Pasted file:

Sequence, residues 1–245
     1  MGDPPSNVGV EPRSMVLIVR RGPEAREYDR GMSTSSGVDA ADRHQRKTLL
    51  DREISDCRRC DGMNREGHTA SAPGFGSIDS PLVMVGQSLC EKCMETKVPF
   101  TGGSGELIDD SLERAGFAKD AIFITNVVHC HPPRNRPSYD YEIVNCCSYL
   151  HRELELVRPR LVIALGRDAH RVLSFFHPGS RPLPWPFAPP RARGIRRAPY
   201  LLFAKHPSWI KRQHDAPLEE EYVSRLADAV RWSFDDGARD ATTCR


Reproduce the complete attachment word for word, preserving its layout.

Sequence, residues 1–245
     1  MGDPPSNVGV EPRSMVLIVR RGPEAREYDR GMSTSSGVDA ADRHQRKTLL
    51  DREISDCRRC DGMNREGHTA SAPGFGSIDS PLVMVGQSLC EKCMETKVPF
   101  TGGSGELIDD SLERAGFAKD AIFITNVVHC HPPRNRPSYD YEIVNCCSYL
   151  HRELELVRPR LVIALGRDAH RVLSFFHPGS RPLPWPFAPP RARGIRRAPY
   201  LLFAKHPSWI KRQHDAPLEE EYVSRLADAV RWSFDDGARD ATTCR